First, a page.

Inflammatory breast cancer (IBC) is a rare disease that accounts for 0.5–2% of all invasive breast cancers . The standard treatment for non-metastatic IBC is multimodality therapy including neoadjuvant chemotherapy followed by mastectomy and post-mastectomy radiotherapy (RT) [2,3,4]. However, such aggressive multimodality approach is limited in patients with poor performance status or in approximately 30% of patients with metastatic disease at diagnosis . In such patients, palliative RT is occasionally warranted to control typical symptoms such as breast pain, bleeding, ulceration, and discharge [5, 6].
IBC is known for having more radio-resistance than non-IBC; hence, some studies have suggested more aggressive radiation strategies such as increases in the total radiation dose or changes in the fractionation schedules [7, 8]. In practice, several studies have performed dose escalation with accelerated hyperfractionation schedules in IBC, and these studies have reported an improvement in locoregional control [3, 7, 9, 10]. However, this strategy of treating more than twice per day was limited by loading of the treatment machine and accessibility of patients to a hospital. Another altered fractionation schedule is hypofractionation; hypofractionated RT delivers a daily dose of > 2 Gy per fraction and can not only provide good tumor control but also shorten the total treatment period, thereby improving patient convenience and reducing medical expenses [11,12,13]. However, there have been very few studies on hypofractionated RT for IBC treatment. This might be because the breast skin is affected by inflammatory changes and appears vulnerable to radiation; hence, to date, concerns such as severe toxicities caused by hypofractionated RT conducted by administering large daily doses and involvement of a short overall treatment period remain.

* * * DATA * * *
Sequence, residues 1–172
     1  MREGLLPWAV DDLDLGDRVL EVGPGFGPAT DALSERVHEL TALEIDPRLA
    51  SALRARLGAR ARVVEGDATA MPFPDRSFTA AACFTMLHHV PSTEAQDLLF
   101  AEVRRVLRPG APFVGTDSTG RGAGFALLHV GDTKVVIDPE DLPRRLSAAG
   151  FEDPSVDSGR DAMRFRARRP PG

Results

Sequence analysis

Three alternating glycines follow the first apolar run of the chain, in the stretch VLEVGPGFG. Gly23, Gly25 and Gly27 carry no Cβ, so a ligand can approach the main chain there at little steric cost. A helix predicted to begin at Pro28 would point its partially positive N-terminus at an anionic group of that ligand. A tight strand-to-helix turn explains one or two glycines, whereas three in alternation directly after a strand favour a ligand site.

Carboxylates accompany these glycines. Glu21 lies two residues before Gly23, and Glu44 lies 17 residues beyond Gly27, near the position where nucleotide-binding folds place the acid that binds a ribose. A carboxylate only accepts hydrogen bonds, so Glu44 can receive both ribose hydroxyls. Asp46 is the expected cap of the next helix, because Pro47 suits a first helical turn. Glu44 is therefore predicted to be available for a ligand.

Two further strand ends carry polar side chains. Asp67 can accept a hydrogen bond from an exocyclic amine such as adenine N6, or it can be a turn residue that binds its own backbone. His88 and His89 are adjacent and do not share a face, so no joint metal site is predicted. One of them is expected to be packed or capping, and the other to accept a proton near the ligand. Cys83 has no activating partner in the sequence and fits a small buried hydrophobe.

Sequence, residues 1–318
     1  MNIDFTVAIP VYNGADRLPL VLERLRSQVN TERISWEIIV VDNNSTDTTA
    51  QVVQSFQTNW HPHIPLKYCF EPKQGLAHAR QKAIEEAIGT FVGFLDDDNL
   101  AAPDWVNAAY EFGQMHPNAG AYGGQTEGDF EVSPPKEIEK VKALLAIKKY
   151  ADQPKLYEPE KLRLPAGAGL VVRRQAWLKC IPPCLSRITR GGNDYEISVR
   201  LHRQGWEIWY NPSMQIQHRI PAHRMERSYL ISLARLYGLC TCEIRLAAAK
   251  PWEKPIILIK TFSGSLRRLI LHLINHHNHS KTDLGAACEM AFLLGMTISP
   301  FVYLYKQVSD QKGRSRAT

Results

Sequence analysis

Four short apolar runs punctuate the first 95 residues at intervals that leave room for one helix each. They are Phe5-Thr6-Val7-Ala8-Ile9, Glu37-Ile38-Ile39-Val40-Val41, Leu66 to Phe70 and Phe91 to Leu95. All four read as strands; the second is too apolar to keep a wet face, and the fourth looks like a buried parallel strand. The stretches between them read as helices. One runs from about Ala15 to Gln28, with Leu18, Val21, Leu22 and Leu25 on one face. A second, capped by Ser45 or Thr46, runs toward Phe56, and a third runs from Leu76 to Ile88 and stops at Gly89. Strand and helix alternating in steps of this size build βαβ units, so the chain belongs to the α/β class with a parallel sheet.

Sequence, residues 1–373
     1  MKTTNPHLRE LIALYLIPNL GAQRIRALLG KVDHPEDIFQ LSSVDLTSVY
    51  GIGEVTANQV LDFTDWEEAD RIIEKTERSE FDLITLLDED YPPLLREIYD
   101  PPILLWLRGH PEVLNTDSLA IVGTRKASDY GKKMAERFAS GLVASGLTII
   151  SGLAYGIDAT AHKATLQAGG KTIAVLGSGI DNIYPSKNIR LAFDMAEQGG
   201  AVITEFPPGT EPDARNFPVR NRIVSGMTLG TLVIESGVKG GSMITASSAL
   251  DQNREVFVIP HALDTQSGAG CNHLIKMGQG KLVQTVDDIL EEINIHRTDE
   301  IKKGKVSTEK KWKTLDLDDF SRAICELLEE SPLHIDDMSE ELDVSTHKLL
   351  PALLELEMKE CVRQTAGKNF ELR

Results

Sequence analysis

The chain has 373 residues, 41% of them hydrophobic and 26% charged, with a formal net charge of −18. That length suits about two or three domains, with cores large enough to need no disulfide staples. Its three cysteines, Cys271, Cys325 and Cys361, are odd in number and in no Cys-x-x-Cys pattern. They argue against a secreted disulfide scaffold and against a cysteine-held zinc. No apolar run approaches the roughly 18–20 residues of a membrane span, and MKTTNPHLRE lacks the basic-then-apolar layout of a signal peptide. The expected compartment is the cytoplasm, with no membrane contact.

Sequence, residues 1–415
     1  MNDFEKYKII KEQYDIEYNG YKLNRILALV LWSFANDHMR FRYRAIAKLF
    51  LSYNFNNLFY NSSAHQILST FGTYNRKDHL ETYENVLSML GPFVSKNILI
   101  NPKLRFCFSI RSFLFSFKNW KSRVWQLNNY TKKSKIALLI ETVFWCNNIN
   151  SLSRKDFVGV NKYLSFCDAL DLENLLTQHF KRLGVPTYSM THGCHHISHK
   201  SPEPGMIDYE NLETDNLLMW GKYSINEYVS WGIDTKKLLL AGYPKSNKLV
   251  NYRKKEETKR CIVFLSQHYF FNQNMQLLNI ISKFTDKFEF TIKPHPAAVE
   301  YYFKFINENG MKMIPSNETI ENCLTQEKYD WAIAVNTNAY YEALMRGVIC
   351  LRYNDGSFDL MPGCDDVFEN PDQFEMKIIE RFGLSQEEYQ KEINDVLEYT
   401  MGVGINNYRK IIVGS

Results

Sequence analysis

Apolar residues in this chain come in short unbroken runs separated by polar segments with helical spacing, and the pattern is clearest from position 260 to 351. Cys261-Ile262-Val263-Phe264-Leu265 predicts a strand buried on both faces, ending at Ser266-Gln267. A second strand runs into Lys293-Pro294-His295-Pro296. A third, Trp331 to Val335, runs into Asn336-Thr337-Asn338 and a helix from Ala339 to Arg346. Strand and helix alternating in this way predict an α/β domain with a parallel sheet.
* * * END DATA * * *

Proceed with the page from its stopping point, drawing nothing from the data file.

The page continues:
Therefore, it is necessary to analyze the effects of hypofractionated RT on IBC. Here, we retrospectively analyzed the treatment efficacy and toxicities of incurable and symptomatic IBC patients who underwent hypofractionated RT.